New pattern: Temescal hat

I love making hats. They don’t take much yarn, they’re great for using up scraps, I can knock one out in a day — and they’re as wearable as you can get. In winter, I keep a pile of them in a bowl and pick one out without looking as I head out the door. (I don’t really have to worry about matching my outfit, since I always seem to knit and dress in the same three or four colors.) I think in my whole knitting career, I’ve probably made about five scarves, three and a half pairs of mittens, maybe twenty pairs of mitts, two thirds of a glove, and dozens and dozens and dozens of hats.

Yup. Love.

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Lately I’ve been making even more than usual, for a damn good reason: they’ve been samples for a pattern I’m re-releasing today as Temescal, the first in a series of hats inspired by Oakland neighborhoods. I made four different versions of the hat and shot photos all over town, from way out by the cranes of West Oakland, to a vivid mural outside a pop-up poutine restaurant 40 blocks north.

One version of the hat is really special, both for the stunning yarn and the way it fits my local theme: it’s made with a gradient set of mini skeins by Pigeonroof Studios, an indie dyer based in Emeryville, just north of Oakland.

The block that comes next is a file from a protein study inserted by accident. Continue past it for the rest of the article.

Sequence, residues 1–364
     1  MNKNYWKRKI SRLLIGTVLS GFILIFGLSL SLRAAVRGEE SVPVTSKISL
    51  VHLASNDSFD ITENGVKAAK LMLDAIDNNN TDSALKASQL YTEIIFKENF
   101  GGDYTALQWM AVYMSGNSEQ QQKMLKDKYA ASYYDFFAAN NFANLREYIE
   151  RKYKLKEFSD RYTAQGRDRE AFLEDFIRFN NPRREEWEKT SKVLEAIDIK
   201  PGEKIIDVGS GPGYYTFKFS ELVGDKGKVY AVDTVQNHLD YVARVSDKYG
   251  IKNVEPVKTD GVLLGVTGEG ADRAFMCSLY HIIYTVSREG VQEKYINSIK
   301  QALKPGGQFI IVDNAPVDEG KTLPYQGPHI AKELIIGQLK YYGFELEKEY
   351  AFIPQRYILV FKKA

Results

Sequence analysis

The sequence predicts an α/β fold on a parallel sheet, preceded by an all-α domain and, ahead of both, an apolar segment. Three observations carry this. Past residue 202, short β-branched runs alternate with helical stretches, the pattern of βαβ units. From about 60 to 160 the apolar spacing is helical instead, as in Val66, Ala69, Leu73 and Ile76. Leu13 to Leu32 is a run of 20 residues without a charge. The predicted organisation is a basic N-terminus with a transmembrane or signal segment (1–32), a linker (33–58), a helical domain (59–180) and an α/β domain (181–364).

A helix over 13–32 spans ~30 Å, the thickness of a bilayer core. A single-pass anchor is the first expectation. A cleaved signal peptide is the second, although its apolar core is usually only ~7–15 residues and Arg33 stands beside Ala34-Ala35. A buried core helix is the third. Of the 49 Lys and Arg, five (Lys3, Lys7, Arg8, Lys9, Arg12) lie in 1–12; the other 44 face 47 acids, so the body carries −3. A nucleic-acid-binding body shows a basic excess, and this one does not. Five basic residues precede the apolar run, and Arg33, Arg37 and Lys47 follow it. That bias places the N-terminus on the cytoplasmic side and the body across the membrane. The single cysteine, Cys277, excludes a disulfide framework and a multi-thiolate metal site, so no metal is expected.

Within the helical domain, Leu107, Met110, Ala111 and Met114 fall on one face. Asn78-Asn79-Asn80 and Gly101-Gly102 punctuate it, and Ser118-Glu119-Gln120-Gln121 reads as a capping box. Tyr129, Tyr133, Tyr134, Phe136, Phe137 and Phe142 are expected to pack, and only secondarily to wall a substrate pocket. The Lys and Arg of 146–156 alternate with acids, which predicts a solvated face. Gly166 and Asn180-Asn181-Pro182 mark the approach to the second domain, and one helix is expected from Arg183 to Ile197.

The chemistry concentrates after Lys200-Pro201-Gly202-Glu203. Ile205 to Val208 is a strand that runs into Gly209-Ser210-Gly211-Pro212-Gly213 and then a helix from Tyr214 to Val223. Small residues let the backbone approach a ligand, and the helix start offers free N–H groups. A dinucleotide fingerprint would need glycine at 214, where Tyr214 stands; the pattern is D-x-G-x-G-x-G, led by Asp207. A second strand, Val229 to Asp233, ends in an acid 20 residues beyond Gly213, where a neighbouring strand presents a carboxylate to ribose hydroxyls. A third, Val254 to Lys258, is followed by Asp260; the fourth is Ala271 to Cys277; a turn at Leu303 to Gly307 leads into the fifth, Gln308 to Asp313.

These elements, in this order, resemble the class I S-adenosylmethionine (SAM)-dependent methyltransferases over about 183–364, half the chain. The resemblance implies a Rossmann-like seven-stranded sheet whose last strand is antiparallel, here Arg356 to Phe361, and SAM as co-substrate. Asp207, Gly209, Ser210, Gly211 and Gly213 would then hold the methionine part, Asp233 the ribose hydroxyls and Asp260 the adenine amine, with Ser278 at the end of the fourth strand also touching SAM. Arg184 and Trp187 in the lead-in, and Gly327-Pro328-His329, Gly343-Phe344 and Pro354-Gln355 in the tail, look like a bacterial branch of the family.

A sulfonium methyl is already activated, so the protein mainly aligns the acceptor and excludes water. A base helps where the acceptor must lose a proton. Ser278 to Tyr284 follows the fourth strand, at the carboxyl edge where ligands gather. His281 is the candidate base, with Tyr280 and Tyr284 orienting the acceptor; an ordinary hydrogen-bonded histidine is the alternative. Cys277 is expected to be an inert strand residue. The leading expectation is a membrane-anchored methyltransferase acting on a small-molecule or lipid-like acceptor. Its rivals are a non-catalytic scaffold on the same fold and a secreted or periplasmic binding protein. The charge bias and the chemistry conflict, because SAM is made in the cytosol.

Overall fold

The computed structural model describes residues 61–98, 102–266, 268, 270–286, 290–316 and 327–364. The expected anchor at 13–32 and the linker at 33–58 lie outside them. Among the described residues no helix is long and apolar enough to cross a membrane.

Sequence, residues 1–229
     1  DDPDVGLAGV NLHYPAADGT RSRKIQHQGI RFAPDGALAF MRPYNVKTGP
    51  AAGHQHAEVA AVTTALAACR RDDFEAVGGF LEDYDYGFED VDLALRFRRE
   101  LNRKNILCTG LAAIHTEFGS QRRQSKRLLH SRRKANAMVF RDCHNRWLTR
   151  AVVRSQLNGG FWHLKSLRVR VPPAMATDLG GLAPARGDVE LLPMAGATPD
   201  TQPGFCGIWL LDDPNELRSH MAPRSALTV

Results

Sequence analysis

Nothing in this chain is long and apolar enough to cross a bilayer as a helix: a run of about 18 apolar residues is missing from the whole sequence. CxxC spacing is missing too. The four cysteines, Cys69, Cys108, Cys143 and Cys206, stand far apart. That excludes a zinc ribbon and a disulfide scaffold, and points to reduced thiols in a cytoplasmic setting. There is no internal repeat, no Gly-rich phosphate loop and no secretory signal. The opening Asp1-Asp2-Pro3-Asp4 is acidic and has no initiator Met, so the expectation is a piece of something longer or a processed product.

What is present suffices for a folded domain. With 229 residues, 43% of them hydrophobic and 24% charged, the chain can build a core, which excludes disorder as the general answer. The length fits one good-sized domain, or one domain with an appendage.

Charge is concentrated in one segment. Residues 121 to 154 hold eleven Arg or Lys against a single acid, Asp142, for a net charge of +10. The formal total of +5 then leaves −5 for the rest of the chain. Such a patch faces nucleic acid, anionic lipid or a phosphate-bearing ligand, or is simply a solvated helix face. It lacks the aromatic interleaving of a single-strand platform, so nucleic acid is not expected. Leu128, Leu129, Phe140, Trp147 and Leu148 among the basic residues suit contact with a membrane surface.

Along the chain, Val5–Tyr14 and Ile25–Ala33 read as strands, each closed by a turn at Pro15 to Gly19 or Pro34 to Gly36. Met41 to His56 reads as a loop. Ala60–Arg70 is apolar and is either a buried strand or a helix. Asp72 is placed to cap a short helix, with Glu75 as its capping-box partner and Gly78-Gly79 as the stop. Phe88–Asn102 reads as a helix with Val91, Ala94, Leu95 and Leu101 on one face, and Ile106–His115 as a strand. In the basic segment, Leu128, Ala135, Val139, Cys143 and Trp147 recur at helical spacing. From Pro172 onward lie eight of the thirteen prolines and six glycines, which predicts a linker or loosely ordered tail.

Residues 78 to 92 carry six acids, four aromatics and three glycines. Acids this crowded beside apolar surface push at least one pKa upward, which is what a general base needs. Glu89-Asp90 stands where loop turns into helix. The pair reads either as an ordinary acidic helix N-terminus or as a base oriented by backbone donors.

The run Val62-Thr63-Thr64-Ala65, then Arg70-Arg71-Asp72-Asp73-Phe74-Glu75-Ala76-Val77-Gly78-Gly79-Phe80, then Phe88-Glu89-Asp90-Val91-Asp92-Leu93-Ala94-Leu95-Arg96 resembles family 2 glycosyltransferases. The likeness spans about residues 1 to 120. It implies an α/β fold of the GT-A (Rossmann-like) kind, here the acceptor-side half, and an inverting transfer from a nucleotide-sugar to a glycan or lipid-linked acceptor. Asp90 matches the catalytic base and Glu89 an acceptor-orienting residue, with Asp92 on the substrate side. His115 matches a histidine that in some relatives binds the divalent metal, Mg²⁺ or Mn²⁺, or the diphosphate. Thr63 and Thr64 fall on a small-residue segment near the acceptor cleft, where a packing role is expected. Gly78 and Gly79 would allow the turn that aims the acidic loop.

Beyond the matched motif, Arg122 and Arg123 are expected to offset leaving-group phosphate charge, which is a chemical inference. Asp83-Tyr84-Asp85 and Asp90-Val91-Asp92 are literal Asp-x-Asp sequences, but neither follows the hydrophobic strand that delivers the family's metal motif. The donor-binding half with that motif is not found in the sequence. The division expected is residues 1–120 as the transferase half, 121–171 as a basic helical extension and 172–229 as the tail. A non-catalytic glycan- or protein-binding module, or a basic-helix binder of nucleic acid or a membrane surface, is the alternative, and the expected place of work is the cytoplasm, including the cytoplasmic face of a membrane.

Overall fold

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(Go check them out. Seriously. Everything’s incredible. The colors, the saturation, the … oh, just go look. It’s my favorite local yarn, hands down.)

It can be hard knitting multiple samples of the same pattern, but I never got bored of knitting this hat. It’s knit on relatively big needles (seriously, I had to break out the size 13’s for the largest gauge, which I almost never use these days) and the stitch pattern has what I call a “popcorn” quality: easy enough I can do it on autopilot, interesting enough to stay hooked, and completely addictive. Each one had a different pattern, from all one color to a variety of stripes. Once I was done with one, I would start thinking right away about making the next.

(It wasn’t just me, either. Some of my test knitters bound off, just to immediately cast on for second — and even third! — versions of the hat. When I heard that, I cackled. That right there means victory to me.)

Anyway. It’s here, and I’m stoked. Check the pattern out on Ravelry or heck, buy it now!